Apple surprised everyone this week by announcing the new Face ID feature of the iPhone X, and It didn’t take a cyber security expert to ask the begging question: is this even safe?
The New iPhone is being promoted loudly with biometric security measures using facial recognition ID instead of passwords which seems pretty risky as many consumers just aren’t there yet, when it comes to biometrics.
There were several companies that have tried developing this feature in the past. Samsung’s facial recognition feature was circumnavigated by a picture of the person. Android had a similar feature that was easily hacked back in 2011.
A lot of funny consumer comments have already spun out of this PR launch. For example: what if I blink or twitch? What if someone uses a picture of the person or takes a picture when they are sleeping?
Although a lot of these are in jest, however, I for one would like to know if the unsuspecting iPhone owner be giving away access to their cell phone while they soundly slept?
The Wisdom of Apple
Apple have tried to counter fears and come back with a lot of good reasons why their Face ID feature has advanced and is safer. For one, they don’t just use a 2D image of a face, they have a special infrared camera and sensors to actually record a 3D image of the phone owner’s face. Secondly; it requires a person to look straight into the phone, it needs their undivided attention.
Why is this important?
Biometrics is part of the landscape of a more secure Cyber future. Especially because of the recent cyber-attack on Equifax, one of the credit bureaus that we had all trusted with our social security numbers, figures are now showing that up to 40% of all adults in the US have had their information stolen.
Any type of information that you can store somewhere like passwords, swipes, signatures can be stolen. Biometrics can be easier to use because it is not information that you can give away or replicate. Everyone has their fingerprint, their facial structure, etc.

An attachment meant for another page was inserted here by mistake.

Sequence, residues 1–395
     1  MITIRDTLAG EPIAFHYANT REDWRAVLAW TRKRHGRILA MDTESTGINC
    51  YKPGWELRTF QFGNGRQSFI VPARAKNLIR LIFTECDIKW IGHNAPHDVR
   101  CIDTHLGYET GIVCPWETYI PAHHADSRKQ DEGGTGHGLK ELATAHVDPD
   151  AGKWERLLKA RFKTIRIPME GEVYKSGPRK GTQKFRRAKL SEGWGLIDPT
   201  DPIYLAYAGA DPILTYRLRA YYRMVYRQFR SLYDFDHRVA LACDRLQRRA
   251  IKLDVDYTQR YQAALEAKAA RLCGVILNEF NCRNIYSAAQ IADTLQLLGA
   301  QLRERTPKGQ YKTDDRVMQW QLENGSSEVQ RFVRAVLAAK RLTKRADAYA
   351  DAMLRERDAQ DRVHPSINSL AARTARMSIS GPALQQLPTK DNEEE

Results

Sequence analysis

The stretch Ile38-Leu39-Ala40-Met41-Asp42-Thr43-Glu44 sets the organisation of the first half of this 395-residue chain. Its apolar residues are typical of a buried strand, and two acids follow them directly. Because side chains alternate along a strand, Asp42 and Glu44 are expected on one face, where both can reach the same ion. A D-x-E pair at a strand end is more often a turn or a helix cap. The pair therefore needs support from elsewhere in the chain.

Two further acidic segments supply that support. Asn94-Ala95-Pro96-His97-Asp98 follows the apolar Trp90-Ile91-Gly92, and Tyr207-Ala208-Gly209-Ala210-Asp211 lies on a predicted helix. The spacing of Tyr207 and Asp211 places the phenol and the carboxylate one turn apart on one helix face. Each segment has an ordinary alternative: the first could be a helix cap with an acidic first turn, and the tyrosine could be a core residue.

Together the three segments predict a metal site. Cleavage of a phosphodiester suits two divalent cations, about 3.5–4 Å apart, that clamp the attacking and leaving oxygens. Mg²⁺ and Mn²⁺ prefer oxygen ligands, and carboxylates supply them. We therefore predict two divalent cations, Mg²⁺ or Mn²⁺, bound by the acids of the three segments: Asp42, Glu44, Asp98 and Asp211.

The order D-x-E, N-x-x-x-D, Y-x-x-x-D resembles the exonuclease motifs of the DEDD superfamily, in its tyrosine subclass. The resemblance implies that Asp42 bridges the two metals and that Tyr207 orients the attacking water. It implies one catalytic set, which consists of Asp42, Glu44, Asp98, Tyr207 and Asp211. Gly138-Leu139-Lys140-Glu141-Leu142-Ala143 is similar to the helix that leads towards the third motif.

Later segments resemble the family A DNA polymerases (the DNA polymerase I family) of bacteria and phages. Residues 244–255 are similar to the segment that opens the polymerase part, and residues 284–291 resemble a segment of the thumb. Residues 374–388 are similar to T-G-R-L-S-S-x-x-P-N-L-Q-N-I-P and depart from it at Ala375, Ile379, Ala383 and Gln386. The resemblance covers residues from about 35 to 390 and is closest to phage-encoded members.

The problem is that hackers are finding creative ways to go around it and in some cases, cyber-attacks on biometric information are proving to be even deadlier. Back in 2015, hackers got into the office of personnel management and stole 5.6 million fingerprints.
As you’ve probably figured out, I hope, that you can’t change your fingerprint (unlike a password). So those people can suffer the effects of the breach for years.
In a world where we can’t even trust our credit bureaus to store our information safely, how can we trust any company that stores our biometric information? Any system that stores our fingerprints or facial scans is bound to be hacked sooner or later.
So not to scare anyone here, but if you scan your face for a login, your face may re-surface on the dark web sooner than later. This method is not without its problems.
There are thankfully, several measures that companies could take to make biometric authentication more secure. For one they could put all the information on a cloud system and secure the endpoints.
Intel is developing something called Intel Online Connect which ensures that the local private key with its biometric templates and data processing is not available in the operating system of the device. This protects the biometric information against MitM and MitB attacks.
Let’s hope that this gen of iPhone comes with less hiccups than laughter.